As I walked through the museum and over the grounds, I kept wondering what the passengers were thinking. Did they know they were going to crash somewhere and wanted to make sure it was not another building? Did they think they could take over and have a chance at landing the plane? All we know is that they prevented the plane from hitting something in Washington, D.C., which was only 20 minutes away. Investigators think the plane was heading for Capitol Hill.

After visiting the memorial, we drove through more countryside. This time we really hit some back roads and passed farm after farm. Finally, we made it to Fallingwater, the home famously designed by Frank Lloyd Wright. My wife and I visited another of his designs earlier in the year, but this is the iconic one that I have always wanted to see.

He designed the home for the Kaufmann family, who wanted a view of the waterfall on their land. Instead, Wright built it on the waterfall.

Amazingly, the house was built during the midst of the Great Depression.

When we left Fallingwater, we headed toward home but could not make it all the way. We stopped in Huntington, West Virginia for the night. The girls stayed at the hotel and watched Netflix while we went to dinner. We found a great place near downtown called Savannah’s and took a table on their patio. Our waitress was a local student who was majoring in History and Anthropology. Now, she has the right idea.

 

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Things I Think

25 Mar

I think…

the speed limit means that you can actually go that speed.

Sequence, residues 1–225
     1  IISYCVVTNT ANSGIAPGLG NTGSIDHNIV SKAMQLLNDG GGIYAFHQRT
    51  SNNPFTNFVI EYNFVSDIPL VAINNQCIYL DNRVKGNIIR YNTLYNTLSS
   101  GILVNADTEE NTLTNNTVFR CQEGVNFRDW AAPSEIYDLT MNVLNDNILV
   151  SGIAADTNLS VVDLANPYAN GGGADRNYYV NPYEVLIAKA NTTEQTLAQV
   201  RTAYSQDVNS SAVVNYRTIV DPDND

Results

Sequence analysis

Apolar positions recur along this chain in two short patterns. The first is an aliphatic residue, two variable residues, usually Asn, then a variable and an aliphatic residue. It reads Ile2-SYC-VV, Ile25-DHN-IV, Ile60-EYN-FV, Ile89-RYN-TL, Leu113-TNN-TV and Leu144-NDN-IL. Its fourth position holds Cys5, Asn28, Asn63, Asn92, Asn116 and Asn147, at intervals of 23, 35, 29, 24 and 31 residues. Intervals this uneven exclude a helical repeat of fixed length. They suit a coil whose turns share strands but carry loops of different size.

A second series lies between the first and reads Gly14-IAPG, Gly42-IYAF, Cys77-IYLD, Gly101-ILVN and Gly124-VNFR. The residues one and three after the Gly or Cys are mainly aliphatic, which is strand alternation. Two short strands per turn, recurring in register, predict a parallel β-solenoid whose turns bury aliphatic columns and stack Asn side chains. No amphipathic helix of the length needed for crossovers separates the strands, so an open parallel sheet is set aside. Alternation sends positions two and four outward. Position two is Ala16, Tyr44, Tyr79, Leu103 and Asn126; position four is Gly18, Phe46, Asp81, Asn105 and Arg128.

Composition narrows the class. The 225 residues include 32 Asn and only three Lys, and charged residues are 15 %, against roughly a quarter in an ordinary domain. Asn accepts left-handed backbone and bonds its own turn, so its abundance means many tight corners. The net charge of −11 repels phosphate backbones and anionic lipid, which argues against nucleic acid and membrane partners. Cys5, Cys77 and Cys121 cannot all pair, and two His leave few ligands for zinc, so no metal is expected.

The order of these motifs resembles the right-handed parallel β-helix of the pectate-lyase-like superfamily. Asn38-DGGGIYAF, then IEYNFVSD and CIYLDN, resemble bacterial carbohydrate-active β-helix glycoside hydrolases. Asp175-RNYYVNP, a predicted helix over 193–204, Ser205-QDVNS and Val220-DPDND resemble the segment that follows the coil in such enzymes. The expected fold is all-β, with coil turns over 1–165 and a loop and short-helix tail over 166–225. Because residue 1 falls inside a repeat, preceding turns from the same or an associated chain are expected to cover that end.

cracks in concrete are canyons for ants.

Escape from New York is the best movie Kurt Russell ever made.

the Jessi Colter and Waylon Jennings version of “Suspicious Minds” is almost as good as the Elvis version.

the iPhone is the most addictive drug in the world.

that only rocks live forever.

the Freedom of Speech is under attack from people who only want to what they want to hear.

more people need to like history.

John Wayne and Clint Eastwood should have made a Western together.

people who are famous for no reason should lose their fame immediately.

people who throw chewing gum on the ground should have chewing gum stuck on them.

trees communicate with each other.

a remake of Escape from New York is a bad idea.

married life is a great life.

football, my favorite sport to watch, will one day be banned.

truffled macaroni and cheese is terrible.

I need to buy more vinyl.

reality television is the worst form of entertainment ever invented.

chairs are better than couches.

blogging is awesome.

 

Things That Are Better Than Jeff Ruby’s Steakhouse

18 Dec

This weekend, we belatedly celebrated my birthday by getting a hotel room in Nashville and going out to dinner. The city has become a great food destination. Local chefs and chefs from around the nation are opening great restaurants in Nashville. We have been to several, but a new one is always opening. In other words, if you like food, then Nashville is the place to be.